Smith said the nature of the document prevents the Town from “getting it done one time.”

    “We’re always going to need fixes in the Charter. We’re always going to be doing fixes for ordinances.”

    Resident Dayna Aliberti voiced concern about a trailer home that she said is running a generator all night long and appears to no longer be hooked up to central electricity.

    Warchol said the Town will take whatever action they can; however, as far as county code goes, there is no regulation about a dwelling being required to have central electricity. He said he would look into what, if anything, is in the town code.

    He recommended that the council consider adopting an international code enforcement handbook.

    “Most of the codes don’t have a penalty. There’s no way you can enforce it,” he said, adding that adopting the handbook would help with that.

    Residents talk turkeys

    A property within the town has been housing two turkeys, which Aliberti told the council she believes is a safety concern.

    “Why are we allowing the turkey to be out to procreate… block traffic?” she asked. “We got dog rules — we don’t got turkey rules?”

    Warchol said animal control won’t handle the turkeys, whose eggs are supposed to hatch this week.

    “We’re aware of it. We’re doing all we can,” he said.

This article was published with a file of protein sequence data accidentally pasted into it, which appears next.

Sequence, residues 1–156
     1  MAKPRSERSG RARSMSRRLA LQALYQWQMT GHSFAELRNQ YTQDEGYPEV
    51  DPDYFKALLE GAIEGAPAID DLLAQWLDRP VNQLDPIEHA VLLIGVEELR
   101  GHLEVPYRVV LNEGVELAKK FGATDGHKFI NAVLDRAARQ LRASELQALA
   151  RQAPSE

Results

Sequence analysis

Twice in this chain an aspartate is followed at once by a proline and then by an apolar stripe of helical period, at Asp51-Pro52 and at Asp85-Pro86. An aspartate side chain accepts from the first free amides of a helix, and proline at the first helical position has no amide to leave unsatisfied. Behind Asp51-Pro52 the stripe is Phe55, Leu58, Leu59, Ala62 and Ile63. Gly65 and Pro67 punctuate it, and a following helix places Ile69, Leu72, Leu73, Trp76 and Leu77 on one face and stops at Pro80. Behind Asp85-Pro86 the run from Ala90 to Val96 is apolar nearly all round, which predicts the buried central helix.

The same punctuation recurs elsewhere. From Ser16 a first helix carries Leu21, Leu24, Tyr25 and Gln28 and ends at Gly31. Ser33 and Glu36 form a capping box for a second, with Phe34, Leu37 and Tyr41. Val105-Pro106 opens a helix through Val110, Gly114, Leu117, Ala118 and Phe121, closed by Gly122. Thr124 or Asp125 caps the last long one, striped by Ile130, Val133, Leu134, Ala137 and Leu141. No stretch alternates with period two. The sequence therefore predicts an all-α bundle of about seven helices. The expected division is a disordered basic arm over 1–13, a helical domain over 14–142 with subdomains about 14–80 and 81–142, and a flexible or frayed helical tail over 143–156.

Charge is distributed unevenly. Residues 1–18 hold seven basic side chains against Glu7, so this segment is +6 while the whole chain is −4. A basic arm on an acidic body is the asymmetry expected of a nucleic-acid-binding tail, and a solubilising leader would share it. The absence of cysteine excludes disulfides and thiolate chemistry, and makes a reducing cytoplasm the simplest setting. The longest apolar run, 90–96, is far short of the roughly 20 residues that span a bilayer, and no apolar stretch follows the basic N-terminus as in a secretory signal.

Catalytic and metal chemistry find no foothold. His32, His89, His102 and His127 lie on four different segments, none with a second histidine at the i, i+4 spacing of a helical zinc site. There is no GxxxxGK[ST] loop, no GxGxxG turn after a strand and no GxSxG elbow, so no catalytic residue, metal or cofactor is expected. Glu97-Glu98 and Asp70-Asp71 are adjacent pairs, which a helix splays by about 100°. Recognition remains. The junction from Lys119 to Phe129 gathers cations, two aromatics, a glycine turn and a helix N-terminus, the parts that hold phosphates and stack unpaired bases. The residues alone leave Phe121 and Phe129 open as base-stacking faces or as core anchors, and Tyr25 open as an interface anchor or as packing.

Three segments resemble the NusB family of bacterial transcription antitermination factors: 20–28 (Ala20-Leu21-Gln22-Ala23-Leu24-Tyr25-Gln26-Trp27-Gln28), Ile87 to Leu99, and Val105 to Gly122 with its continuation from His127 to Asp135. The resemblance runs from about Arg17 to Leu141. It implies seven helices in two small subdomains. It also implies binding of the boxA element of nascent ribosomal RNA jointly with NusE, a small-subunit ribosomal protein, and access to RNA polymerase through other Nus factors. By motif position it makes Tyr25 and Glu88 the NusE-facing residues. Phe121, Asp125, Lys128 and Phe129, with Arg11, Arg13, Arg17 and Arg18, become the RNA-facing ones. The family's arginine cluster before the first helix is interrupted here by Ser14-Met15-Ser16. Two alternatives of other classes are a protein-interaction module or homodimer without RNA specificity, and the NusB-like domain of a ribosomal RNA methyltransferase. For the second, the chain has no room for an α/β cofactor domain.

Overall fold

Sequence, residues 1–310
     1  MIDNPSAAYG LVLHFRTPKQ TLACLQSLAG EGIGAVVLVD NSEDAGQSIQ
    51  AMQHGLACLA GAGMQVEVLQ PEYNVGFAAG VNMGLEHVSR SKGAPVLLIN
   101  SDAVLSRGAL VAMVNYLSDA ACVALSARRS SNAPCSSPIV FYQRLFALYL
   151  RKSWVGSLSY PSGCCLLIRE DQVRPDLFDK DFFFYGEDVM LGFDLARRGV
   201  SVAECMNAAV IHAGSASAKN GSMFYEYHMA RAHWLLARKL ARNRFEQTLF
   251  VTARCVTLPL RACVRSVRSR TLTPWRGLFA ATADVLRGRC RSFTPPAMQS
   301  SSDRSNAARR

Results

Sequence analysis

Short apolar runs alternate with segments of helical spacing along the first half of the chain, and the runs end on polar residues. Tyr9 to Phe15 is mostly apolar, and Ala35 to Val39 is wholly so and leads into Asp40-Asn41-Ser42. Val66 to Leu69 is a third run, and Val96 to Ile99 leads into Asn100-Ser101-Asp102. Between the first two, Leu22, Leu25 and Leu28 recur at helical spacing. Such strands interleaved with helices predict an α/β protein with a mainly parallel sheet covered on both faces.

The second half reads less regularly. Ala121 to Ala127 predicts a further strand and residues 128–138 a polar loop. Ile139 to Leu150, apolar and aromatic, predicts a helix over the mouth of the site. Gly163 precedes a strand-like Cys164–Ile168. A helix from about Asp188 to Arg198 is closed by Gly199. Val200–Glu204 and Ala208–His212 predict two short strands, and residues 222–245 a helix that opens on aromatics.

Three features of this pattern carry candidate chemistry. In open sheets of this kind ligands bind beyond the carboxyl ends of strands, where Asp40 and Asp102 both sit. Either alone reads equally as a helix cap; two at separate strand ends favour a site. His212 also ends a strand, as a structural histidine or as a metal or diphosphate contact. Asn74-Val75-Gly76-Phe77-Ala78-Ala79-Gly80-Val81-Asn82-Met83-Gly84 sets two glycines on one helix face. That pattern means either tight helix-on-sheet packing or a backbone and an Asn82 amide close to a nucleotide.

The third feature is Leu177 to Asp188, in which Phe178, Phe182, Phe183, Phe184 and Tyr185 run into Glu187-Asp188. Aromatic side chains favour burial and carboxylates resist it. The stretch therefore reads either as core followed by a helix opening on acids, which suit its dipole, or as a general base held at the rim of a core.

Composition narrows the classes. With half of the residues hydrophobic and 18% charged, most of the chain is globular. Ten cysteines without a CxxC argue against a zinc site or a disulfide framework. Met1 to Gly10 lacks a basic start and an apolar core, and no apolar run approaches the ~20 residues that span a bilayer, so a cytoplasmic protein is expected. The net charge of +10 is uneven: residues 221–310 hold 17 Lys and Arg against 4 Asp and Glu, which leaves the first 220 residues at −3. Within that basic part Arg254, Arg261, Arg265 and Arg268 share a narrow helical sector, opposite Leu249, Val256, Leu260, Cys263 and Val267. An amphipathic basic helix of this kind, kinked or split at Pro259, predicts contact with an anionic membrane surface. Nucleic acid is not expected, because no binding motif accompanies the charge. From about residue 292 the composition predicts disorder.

“A lot of good that’ll do if it attacks your car,” Aliberti responded.

    The turkey discussion, which went on at some length, yielded laughs from attendees, as well as council members, which caused Aliberti to get up and leave the meeting.

    Robbie Murray of the Frankford Volunteer Fire Company tried to bring Aliberti’s concerns into focus.

    “I know everyone likes to laugh about it, regarding the turkey,” he said. “But it has chased kids on bikes and kids walking. It’s only going to take one episode of it scaring a kid out into the road and getting hit, and I think there’s going to be a completely different approach regarding this turkey.

    “How would we treat a dog if a dog were to chase a kid out into the road and the kid gets struck and dies or is seriously injured? I’ll laugh about it all day, but when you start looking at the safety aspect of it, there has to come a point where we draw a line. And if their people can’t control their pets, then maybe they need to get rid of their pet.”

    Murray said he would have no problem with stopping by to speak with the turkeys’ owners, or taking “care” of the turkey, if need be.

    In other Town news:

    • Envision Frankford will soon be hosting movie night in Frankford Town Park. The first Fridays of June, July and August, they will be showing “The Incredibles,” “Kung Fu Panda” and “Zootopia,” respectively.